Kentuckians can connect with elected leaders and candidates and stay informed on issues facing rural Kentucky on RuralPowerKY.com, a grassroots portal that links to Co-ops Vote resources.

“We are grateful to Sec. Adams for his partnership on Co-ops Vote,” said Mallory Wafzig, manager of cooperative outreach for Kentucky Electric Cooperatives. “Like our youth tour program, Co-ops Vote is nonpartisan and does not endorse any candidate. This is all about civic engagement.”

“Because co-ops belong to and are led by the people they serve, our consumer advocacy is personal,” added Joe Arnold, vice-president of the statewide co-op association. “The concerns of our rural communities need the attention that only voter participation can demand.”

The Co-ops Vote initiative includes several programs to connect voters with their elected officials and publicize registration and ballot deadlines through social media and Kentucky Living, the flagship publication of Kentucky’s electric cooperatives. Earlier this month, the magazine distributed more than 500,000 copies of the 2024 Kentucky Electric Cooperatives Legislative Guide.

In addition to helping Sec. Adams launch this year’s Co-ops Vote initiative, the Frankfort Youth Tour students also met with Gov. Andy Beshear and several members of the legislature who are members of the newly formed Rural Electric Cooperative Caucus, including co-chairs Sen. Robin Webb and Rep. Ashley Tackett Lafferty, and Rep. Samara Heavrin.

Lineworker scholarships for associate degree

Electric cooperative lineworkers have a new pathway for a college degree in Kentucky. With support from Kentucky Electric Cooperatives and Kentuckians who purchase lineman-themed specialty license plates, the Southcentral Kentucky Community & Technical College System plans to incorporate lineworker training and education into a degree program.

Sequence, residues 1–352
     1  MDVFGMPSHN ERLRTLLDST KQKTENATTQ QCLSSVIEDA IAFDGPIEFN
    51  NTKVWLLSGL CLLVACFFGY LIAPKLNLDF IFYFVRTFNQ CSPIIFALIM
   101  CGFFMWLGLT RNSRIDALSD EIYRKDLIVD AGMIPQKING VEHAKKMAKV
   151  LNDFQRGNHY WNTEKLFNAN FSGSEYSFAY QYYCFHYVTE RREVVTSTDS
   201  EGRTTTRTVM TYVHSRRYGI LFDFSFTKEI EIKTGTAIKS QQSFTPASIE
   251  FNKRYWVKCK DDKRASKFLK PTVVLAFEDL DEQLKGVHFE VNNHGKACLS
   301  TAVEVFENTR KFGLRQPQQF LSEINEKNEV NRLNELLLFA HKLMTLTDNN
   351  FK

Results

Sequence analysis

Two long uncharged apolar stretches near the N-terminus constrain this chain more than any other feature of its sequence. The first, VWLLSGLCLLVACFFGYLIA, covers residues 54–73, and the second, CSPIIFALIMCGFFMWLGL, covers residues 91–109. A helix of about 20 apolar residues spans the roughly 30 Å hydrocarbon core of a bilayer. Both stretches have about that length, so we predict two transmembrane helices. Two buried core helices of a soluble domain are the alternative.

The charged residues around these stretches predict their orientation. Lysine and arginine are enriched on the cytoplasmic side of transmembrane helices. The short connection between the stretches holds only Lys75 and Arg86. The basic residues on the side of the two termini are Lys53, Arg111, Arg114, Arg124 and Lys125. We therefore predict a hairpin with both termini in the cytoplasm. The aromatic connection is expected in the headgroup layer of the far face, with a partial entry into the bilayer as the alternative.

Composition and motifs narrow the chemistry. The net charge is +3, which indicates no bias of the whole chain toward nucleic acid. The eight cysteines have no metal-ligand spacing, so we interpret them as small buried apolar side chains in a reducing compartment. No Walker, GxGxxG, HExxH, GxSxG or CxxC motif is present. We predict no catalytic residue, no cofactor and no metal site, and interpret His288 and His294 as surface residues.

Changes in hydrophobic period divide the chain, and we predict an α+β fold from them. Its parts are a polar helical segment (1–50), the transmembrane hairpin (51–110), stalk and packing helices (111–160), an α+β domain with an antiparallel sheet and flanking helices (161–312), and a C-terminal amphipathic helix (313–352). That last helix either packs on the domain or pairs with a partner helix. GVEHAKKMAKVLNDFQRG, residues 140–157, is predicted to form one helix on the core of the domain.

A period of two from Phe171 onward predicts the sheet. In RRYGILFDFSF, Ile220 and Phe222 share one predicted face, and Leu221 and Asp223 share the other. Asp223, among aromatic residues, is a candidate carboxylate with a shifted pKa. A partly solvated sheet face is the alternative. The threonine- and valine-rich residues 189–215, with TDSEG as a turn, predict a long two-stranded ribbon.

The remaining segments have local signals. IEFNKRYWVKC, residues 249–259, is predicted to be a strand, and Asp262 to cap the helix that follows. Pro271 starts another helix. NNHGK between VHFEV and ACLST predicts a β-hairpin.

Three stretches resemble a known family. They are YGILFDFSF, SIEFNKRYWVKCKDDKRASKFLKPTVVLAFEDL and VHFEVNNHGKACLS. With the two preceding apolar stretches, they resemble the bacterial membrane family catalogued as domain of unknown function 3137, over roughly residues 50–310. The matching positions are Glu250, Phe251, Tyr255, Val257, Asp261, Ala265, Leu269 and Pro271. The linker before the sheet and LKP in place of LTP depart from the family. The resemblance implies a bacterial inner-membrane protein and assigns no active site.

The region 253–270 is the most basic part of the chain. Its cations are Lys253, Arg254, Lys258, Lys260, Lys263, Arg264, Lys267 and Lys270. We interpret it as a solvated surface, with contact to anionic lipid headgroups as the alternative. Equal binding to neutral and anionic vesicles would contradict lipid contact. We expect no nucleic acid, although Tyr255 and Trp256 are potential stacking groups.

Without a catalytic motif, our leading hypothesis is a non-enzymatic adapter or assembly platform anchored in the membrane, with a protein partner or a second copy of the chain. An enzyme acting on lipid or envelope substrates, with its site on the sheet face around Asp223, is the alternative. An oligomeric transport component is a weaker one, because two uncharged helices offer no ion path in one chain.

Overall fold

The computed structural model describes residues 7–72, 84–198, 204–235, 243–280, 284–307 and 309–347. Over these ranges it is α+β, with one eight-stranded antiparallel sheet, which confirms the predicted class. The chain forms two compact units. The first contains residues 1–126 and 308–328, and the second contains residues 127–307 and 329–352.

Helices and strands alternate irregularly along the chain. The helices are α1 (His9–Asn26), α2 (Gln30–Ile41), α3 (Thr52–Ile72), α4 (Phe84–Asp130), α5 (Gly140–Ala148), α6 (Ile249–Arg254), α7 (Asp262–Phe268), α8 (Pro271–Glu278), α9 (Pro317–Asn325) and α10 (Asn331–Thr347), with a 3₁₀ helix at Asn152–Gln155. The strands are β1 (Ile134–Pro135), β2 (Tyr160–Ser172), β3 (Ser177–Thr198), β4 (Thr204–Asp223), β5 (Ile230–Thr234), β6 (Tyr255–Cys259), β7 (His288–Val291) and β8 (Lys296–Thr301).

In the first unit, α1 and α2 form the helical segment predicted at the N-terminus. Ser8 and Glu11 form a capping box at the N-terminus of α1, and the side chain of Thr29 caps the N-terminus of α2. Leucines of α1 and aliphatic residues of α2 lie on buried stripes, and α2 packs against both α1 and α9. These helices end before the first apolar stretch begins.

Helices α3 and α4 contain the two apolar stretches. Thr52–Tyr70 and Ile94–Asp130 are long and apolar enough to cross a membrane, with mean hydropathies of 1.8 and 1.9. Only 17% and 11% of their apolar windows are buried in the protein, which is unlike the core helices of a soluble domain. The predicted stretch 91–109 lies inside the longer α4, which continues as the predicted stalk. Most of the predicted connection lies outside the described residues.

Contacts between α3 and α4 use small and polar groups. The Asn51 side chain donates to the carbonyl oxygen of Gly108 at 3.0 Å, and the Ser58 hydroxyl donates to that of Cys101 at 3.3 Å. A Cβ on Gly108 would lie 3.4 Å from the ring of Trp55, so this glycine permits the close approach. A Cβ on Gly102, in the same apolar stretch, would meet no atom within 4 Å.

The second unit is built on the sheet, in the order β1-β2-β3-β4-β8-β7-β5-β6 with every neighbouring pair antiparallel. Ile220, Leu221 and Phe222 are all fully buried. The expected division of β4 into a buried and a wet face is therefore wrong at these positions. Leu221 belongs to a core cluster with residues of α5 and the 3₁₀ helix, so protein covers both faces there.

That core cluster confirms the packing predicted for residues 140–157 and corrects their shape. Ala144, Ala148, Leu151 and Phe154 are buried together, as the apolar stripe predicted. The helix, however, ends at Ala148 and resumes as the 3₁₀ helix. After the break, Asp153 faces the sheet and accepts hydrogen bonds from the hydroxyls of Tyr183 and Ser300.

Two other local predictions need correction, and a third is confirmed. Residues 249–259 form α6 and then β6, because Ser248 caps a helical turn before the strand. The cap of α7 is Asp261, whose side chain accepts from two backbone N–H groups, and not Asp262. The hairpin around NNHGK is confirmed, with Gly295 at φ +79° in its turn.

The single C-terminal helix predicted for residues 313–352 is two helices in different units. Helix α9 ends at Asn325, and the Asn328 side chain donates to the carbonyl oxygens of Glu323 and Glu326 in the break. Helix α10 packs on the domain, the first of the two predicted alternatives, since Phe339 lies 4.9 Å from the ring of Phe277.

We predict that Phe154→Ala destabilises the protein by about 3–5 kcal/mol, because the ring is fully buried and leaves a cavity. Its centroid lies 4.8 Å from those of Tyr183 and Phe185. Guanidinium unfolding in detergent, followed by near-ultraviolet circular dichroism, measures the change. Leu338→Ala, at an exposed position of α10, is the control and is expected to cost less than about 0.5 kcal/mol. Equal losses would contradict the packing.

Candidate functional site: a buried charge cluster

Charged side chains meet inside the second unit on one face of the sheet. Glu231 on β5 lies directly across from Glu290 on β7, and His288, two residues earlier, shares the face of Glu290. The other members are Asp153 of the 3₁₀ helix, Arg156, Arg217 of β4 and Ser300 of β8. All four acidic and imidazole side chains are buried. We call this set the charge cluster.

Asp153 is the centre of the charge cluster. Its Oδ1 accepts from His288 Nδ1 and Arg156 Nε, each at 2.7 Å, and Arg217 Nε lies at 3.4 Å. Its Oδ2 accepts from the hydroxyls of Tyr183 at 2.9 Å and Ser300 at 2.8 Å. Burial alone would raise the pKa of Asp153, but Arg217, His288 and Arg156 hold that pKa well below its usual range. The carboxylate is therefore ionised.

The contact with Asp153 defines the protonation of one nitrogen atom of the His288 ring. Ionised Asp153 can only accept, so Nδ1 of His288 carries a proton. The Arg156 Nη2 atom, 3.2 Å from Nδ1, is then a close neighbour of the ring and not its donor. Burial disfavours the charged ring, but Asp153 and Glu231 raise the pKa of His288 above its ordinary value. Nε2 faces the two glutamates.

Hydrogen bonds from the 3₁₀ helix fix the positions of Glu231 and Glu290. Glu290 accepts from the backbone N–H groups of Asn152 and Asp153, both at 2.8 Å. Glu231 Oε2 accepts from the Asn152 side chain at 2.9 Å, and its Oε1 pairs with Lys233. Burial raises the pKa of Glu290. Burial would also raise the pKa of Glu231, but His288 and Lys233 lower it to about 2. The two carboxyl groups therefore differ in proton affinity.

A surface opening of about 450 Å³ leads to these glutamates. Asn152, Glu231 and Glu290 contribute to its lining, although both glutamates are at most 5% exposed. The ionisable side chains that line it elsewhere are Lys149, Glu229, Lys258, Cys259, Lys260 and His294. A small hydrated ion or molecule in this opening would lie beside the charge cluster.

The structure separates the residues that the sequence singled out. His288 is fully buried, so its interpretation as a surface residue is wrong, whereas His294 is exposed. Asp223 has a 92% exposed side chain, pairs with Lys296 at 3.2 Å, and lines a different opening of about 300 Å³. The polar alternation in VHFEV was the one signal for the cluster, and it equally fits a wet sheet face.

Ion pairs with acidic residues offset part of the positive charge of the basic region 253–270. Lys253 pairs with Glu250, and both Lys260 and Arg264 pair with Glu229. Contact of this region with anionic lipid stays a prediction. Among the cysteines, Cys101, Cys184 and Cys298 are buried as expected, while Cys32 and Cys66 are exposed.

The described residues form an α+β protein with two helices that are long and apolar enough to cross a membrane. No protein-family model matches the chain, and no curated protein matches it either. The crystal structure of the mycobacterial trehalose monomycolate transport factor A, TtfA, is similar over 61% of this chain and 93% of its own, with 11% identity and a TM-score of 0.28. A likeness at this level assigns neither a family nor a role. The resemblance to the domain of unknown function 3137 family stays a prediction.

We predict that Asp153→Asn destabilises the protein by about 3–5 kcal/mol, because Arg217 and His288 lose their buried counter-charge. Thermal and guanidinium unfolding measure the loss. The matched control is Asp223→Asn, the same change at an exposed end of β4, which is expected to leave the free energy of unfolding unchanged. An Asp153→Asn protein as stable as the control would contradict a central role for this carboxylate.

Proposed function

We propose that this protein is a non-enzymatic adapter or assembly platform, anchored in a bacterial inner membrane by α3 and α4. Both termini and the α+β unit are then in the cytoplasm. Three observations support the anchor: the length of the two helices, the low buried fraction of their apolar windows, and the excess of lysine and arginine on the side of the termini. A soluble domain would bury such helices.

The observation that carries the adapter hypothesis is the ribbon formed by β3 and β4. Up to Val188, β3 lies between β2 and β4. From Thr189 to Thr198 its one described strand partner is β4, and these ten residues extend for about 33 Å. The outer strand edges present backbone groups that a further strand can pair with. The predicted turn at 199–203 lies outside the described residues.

At Southcentral Kentucky Community & Technical College, representatives from the statewide association of Kentucky’s electric cooperatives presented a check for $50,000 to college leaders. The funds represent donations tied to the Linemen “Power For Your Community” specialty license plates on thousands of vehicles in Kentucky. Proceeds will fund scholarships for eligible lineworkers.

“On behalf of SKYCTC and the entire Kentucky Community and Technical College System, we are so grateful for this level of partnership with Kentucky’s electric cooperatives,” said Dr. James B. McCaslin, Provost of Southcentral Kentucky Community & Technical College. “The future of education is competency-based education. That’s what our employers need, and this helps ensure that Kentucky’s electric lineworkers receive the most world class and safest training.”